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ESPN's "30 for 30" planning long film on O.J. Simpson

ESPN radio host Dan Le Batard let out a secret late last week during a conversation on his afternoon show (carried locally on ESPN 1520) with the sports network’s Bill Simmons.

Le Batard suggested that the highly-praised “30 for 30” series co-created by Simmons is planning an installment about disgraced Buffalo Bills star O.J. Simpson that could go as long as five hours.

After making that statement, Le Batard asked Simmons if he was revealing a secret and shouldn’t have said anything.

Simmons said it wasn’t a problem.

It isn’t a well-kept secret, since many people have been interviewed for the film.

I was interviewed in October off-camera for background only by a producer for the production company making the film, Laylow Films, and suggested other people she should interview.

I agreed to keep the project quiet until just before ESPN announced it.

I consider what Le Batard did as an announcement.

The producer who interviewed me forwarded an email I sent her late last week to an ESPN publicist, who released the following statement about the film.

“It is too early in the production stages of this project to provide additional details,” said an ESPN spokesperson.

The film is expected to deal with the racial attitudes in the country throughout Simpson’s life as his popularity grew as a Heisman Trophy winner at USC, a record-setting running back with the Buffalo Bills, and with his work in advertising, sports television and film before the so-called Trial of the Century in which he was acquitted of murder. Of course, the trial is expected to be a significant part of the film.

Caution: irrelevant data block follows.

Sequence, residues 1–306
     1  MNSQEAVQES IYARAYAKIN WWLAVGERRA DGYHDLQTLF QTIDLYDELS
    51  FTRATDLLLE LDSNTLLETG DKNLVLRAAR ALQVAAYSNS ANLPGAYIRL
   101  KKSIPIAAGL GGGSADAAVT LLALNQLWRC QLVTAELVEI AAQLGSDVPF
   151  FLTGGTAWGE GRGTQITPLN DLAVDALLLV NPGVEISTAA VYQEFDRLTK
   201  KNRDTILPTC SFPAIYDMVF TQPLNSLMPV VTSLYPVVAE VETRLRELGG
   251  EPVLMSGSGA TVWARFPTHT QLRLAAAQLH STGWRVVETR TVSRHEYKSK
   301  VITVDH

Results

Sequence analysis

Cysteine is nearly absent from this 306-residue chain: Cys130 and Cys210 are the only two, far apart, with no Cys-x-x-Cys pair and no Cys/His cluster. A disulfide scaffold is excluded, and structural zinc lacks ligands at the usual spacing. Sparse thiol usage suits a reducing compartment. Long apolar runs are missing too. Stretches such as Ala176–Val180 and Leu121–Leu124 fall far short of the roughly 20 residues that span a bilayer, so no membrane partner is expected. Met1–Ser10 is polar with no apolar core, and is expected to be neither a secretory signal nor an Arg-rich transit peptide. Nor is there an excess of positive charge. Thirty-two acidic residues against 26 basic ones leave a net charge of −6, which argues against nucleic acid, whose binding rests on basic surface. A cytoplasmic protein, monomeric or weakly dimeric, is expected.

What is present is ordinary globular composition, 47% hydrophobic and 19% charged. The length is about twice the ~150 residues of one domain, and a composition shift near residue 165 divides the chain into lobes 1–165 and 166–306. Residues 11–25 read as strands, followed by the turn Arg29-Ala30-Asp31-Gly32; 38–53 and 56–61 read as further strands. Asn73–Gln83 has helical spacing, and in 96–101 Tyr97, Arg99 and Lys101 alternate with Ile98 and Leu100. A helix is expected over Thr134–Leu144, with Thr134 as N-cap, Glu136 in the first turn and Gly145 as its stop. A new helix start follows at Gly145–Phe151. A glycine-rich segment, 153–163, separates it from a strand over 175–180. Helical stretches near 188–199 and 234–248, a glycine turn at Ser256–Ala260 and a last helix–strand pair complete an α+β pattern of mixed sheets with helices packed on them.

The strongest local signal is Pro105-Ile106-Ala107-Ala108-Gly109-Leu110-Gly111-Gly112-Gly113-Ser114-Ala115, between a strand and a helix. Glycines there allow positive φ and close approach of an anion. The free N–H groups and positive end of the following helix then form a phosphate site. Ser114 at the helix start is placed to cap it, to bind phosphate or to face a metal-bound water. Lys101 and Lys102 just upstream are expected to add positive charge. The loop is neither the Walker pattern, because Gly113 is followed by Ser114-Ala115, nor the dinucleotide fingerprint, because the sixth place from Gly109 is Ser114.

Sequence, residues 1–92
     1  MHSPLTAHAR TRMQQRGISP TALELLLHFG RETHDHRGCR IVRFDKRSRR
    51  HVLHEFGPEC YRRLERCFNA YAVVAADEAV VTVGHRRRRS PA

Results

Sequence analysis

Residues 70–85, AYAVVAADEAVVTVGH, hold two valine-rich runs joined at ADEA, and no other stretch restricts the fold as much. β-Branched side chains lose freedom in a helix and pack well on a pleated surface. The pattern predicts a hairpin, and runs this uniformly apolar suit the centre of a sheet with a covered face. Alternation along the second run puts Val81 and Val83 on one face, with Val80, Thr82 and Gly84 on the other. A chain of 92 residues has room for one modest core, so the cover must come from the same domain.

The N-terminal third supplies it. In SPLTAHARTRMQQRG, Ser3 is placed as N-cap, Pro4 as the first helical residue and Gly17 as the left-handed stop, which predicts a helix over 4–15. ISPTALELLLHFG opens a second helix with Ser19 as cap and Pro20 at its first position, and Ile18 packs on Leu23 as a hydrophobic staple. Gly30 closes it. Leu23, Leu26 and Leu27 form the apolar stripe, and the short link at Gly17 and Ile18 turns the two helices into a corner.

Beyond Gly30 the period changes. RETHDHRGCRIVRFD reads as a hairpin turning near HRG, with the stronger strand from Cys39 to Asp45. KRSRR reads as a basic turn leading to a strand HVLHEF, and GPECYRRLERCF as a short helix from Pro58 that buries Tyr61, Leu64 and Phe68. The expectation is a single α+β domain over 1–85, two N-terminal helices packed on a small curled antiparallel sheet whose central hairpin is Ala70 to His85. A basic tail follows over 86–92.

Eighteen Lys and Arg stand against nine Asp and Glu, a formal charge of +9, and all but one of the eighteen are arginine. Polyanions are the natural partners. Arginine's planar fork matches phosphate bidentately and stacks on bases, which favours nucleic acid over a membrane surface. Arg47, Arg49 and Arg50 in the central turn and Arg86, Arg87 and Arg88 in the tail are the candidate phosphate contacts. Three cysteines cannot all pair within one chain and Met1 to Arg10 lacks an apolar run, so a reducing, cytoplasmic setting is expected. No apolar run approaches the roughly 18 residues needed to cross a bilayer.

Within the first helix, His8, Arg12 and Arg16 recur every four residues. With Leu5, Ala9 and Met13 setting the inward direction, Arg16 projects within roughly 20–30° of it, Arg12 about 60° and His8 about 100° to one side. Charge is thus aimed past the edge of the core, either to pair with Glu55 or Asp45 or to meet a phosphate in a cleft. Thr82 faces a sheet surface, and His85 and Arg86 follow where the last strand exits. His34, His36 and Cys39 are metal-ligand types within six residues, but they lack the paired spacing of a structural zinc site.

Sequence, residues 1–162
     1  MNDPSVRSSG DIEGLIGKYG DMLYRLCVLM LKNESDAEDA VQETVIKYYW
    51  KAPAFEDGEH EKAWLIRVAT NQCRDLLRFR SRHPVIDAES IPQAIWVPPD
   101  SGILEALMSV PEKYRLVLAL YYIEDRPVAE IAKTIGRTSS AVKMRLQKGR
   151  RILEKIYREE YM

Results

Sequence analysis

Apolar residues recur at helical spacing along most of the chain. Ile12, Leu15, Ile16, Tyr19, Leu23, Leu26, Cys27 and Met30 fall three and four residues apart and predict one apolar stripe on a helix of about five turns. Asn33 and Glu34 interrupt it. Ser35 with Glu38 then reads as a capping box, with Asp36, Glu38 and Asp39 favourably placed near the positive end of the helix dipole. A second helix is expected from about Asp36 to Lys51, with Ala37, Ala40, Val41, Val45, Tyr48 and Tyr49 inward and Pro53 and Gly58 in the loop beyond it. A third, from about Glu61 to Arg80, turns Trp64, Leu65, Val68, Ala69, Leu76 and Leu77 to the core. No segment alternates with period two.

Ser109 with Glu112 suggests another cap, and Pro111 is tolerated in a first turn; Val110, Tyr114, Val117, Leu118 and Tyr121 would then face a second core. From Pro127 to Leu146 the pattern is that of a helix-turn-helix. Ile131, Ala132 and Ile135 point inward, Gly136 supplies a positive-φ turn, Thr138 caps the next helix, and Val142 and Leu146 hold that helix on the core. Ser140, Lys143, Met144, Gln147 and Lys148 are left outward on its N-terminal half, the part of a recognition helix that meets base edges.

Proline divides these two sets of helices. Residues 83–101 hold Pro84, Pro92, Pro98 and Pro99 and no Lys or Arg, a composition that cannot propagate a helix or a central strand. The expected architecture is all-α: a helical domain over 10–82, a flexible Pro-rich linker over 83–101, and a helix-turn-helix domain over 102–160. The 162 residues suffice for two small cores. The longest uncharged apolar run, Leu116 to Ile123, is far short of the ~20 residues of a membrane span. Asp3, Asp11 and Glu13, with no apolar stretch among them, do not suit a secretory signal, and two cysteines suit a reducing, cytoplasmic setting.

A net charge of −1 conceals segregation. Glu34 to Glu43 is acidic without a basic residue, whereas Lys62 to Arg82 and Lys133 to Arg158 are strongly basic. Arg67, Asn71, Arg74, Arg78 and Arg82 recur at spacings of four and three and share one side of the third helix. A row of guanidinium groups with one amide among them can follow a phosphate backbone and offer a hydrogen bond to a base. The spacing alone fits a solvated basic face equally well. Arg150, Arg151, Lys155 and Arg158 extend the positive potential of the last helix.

There is no scheduled air date but this October could be an ideal time for ESPN to air it since it would be the 20th anniversary of the 1995 verdict in the criminal trial.

As predicted here, the Buffalo TV market had the second-highest rating for NBC’s broadcast of Pittsburgh’s 4-2 win over the New York Rangers on Saturday night. Only the Pittsburgh market (11.0) had a higher rating than Buffalo (5.6). Nationally, the game had a 1.7 overnight rating. The 9.7 rating here for the first 15 minutes of the telecast when the NHL Draft Lottery was held was more than six times the national rating of 1.5 at that time.

Buffalo native Nick Bakay may be laughing all the way to the bank about the negative reviews of “Paul Blart: Mall Cop 2” that he co-wrote with Kevin James. The film, which reportedly received a zero percent positive score on, sold an estimated $24 million in tickets last weekend to finish in second place to “Furious 7.” Bakay and James, who worked together on the situation comedy “King of Queens,” also co-wrote the original Paul Blart movie, that reportedly had a domestic gross of $143 million in 2009.



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